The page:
High-throughput sequencing (HTS) of macro-organismal DNA from environmental samples is an innovative conservation approach to detect and measure ecological communities (Thomsen and Willerslev, 2015; Deiner et al., 2017). This technique, hereafter referred to as environmental DNA (eDNA) metabarcoding, enhances conventional biodiversity monitoring because it targets a presumably more widespread particle (DNA) than the species itself (Lacoursière-Roussel and Deiner, 2019), which aids in the detection of rare and elusive species (Jerde, 2019). eDNA metabarcoding for macro-organism detection works in various substrates, including freshwater (Olds et al., 2016), seawater (Thomsen et al., 2012), soil (Epp et al., 2012), sediment (Guardiola et al., 2015), and even air and snow (Kraaijeveld et al., 2015; Kinoshita et al., 2019). Similarly, these methods have been used to characterize taxa from across the eukaryotic tree of life – including mammals (Foote et al., 2012; Ushio et al., 2017), amphibians (Lopes et al., 2017; Bálint et al., 2018), bony fishes (Yamamoto et al., 2017), elasmobranchs (Bakker et al., 2017; Boussarie et al., 2018), plants (Yoccoz et al., 2012), and macro-invertebrates (McGee and Eaton, 2015; Lacoursière-Roussel et al., 2018). This broad applicability across taxa and environments makes eDNA metabarcoding a potentially revolutionary biodiversity monitoring tool, but only if it provides reliable, accurate, and efficient assessments of communities on par with, or better than, conventional methods of species detection.

Numerous studies have now compared conventional species detection to that inferred from eDNA metabarcoding. This has provided valuable insight into the relative performance of eDNA metabarcoding covering limited spatial extents or taxonomic diversity (Deiner et al., 2017; Jerde et al., 2019). Agreement between how many and which species are detected has ranged from nearly identical (Olds et al., 2016) to very disparate (Cilleros et al., 2019). However, we currently lack a broad understanding of how eDNA metabarcoding calibrates to conventional surveys across diverse systems and taxa, particularly given differences in organisms’ DNA shedding rates, degradation of DNA in variable environments, and fluctuation in eDNA transport (Barnes and Turner, 2016). Beyond appreciating the logistical and financial advantages over conventional methods (Evans et al., 2017b), we must also quantitatively evaluate how eDNA performs as a measure of species richness (Jerde et al., 2019). The need for enhanced biodiversity surveillance for conservation and management has never been more acute. On land and in the oceans, ecological communities are undergoing rapid compositional and geographic shifts (Pecl et al., 2017; Blowes et al., 2019) and are confronted with numerous threats (Tilman et al., 2017; Halpern et al., 2019; Reid et al., 2019), so it is critical that we better understand if eDNA metabarcoding could facilitate broad biodiversity assessment.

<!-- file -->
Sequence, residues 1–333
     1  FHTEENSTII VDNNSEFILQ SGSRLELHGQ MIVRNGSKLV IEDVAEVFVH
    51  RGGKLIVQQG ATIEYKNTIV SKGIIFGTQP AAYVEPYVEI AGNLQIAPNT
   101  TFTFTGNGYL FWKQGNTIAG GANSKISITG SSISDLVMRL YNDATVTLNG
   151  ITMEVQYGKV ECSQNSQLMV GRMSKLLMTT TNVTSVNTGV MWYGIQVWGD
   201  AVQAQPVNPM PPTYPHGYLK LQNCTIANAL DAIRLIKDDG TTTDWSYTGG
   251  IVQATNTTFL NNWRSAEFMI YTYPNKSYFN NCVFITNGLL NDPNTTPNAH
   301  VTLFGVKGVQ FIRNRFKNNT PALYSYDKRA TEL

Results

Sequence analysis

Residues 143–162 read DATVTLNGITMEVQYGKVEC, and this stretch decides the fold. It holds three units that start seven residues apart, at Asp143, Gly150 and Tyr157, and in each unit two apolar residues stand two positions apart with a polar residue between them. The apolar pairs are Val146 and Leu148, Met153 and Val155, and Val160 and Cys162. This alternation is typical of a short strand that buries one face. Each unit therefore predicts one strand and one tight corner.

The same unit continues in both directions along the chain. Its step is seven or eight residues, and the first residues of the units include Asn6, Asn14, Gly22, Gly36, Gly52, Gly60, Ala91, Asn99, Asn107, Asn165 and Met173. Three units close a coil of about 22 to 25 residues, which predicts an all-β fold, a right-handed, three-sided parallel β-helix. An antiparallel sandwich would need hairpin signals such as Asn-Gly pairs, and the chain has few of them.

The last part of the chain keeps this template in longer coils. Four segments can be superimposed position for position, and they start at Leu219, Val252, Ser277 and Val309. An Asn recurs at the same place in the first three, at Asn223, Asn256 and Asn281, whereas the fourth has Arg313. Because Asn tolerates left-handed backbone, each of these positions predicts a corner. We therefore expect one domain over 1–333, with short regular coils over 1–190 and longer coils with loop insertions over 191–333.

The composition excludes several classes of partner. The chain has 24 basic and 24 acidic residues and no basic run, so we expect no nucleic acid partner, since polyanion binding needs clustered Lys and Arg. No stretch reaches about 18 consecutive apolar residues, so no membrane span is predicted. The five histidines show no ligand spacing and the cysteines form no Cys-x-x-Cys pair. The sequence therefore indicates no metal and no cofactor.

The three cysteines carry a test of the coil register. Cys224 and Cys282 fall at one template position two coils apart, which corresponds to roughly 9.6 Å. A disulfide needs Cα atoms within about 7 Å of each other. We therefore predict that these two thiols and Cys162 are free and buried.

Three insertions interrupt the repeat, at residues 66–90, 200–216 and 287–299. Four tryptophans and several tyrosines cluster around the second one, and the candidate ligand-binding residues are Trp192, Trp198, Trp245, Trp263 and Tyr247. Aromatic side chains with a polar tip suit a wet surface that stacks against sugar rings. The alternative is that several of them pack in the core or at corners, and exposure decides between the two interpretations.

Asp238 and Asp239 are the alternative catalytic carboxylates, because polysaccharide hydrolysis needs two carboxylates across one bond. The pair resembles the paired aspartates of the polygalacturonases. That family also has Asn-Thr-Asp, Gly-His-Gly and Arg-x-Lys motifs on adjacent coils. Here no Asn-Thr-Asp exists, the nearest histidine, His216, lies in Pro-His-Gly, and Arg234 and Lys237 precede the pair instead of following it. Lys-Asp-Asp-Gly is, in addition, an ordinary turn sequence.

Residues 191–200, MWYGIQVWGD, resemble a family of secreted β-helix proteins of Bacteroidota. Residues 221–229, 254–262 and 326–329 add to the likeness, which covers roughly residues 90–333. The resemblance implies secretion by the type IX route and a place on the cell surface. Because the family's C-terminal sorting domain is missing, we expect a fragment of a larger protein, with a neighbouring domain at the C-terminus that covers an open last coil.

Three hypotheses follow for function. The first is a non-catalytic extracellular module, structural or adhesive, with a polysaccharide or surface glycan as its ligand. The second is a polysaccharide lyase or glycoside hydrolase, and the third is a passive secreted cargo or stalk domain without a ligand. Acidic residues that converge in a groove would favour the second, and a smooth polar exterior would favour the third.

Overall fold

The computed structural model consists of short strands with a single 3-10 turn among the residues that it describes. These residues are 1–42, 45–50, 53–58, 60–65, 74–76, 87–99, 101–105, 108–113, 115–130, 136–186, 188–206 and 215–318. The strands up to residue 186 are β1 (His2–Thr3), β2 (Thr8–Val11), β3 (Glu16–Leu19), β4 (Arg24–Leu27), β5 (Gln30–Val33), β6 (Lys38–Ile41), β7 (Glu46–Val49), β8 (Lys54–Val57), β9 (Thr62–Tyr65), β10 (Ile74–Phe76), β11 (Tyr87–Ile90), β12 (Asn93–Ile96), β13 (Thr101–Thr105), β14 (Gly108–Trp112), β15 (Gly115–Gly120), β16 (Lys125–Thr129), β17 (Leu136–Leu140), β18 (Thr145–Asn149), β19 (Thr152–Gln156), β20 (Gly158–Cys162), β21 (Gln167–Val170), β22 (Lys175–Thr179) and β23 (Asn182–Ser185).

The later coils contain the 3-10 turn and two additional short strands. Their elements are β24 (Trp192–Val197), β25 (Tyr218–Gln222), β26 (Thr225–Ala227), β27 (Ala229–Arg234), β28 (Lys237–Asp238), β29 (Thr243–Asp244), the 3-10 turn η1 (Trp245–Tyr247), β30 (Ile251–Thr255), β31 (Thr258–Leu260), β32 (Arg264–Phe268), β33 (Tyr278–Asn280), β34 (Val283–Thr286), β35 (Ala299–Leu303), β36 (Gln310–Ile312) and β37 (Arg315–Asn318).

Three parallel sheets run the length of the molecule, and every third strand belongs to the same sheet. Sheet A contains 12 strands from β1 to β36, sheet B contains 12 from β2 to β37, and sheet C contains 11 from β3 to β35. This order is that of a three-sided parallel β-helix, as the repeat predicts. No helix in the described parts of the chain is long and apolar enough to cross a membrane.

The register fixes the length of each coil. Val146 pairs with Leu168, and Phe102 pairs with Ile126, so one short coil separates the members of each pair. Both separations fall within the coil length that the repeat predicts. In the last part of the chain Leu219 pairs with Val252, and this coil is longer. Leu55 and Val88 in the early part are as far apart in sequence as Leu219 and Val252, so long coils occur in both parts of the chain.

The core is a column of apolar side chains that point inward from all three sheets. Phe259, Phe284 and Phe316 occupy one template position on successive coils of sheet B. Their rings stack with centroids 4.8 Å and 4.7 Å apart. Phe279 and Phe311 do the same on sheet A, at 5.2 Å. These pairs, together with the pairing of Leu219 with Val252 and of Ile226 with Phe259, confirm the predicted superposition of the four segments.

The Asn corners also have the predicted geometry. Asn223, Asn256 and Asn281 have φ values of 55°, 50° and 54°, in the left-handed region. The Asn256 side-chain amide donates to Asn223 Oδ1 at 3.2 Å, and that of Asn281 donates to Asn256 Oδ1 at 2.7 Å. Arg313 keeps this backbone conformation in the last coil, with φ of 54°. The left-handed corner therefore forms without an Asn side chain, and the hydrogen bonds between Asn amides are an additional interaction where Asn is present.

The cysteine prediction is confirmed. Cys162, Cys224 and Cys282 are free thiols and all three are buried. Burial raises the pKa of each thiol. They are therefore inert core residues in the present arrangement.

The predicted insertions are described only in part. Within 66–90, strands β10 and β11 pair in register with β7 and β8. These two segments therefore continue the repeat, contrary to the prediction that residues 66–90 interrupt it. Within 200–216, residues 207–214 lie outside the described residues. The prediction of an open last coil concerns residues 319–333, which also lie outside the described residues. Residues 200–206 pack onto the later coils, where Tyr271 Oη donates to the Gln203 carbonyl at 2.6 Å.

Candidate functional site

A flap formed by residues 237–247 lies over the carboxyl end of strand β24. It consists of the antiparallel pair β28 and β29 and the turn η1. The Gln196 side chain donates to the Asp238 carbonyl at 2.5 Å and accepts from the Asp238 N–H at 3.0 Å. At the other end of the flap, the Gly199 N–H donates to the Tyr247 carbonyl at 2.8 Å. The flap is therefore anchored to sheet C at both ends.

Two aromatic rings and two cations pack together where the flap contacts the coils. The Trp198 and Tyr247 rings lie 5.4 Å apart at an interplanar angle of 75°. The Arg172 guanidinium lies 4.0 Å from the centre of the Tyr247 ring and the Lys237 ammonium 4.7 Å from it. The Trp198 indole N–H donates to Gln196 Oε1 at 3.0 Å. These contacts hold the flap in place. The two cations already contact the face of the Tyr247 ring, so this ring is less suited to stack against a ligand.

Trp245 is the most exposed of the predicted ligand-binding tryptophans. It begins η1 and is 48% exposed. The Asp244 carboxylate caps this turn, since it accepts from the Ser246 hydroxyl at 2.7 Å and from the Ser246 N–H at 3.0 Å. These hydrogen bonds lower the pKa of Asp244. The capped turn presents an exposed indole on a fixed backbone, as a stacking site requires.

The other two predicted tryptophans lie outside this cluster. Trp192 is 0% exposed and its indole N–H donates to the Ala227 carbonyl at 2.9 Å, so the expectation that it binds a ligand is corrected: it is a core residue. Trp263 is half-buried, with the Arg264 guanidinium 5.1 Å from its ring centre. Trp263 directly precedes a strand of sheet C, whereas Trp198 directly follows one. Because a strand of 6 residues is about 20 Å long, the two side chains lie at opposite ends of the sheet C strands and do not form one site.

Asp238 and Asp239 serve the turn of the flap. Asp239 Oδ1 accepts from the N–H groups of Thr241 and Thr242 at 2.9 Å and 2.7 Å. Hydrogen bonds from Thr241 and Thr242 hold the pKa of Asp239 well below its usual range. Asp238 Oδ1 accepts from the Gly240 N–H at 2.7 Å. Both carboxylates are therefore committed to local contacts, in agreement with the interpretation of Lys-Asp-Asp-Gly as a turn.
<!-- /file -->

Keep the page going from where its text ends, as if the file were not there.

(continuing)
Because of the vast methodological differences and limited taxonomic coverage of published studies comparing eDNA metabarcoding to conventional surveys, a global meta-analysis remains difficult. However, bony fishes have been an early and popular focus of eDNA-based approaches (Jerde et al., 2011), and eDNA metabarcoding has been used to measure fish diversity across a broad range of environmental conditions and species richness values (Jerde et al., 2019). One requirement of eDNA metabarcoding is establishing comprehensive genetic reference libraries, consisting of genetic sequences sourced from reliably identified species, to compare with metabarcoding outputs (sequence reads). Several eDNA metabarcoding studies of bony fishes have used multiple gene markers (e.g., CO1, 12S, 16S) from different mitochondrial loci to increase taxonomic coverage (Olds et al., 2016; Evans et al., 2017a). This provides an opportunity to evaluate the impact of multi-marker methods, which should improve measures of species richness with eDNA metabarcoding.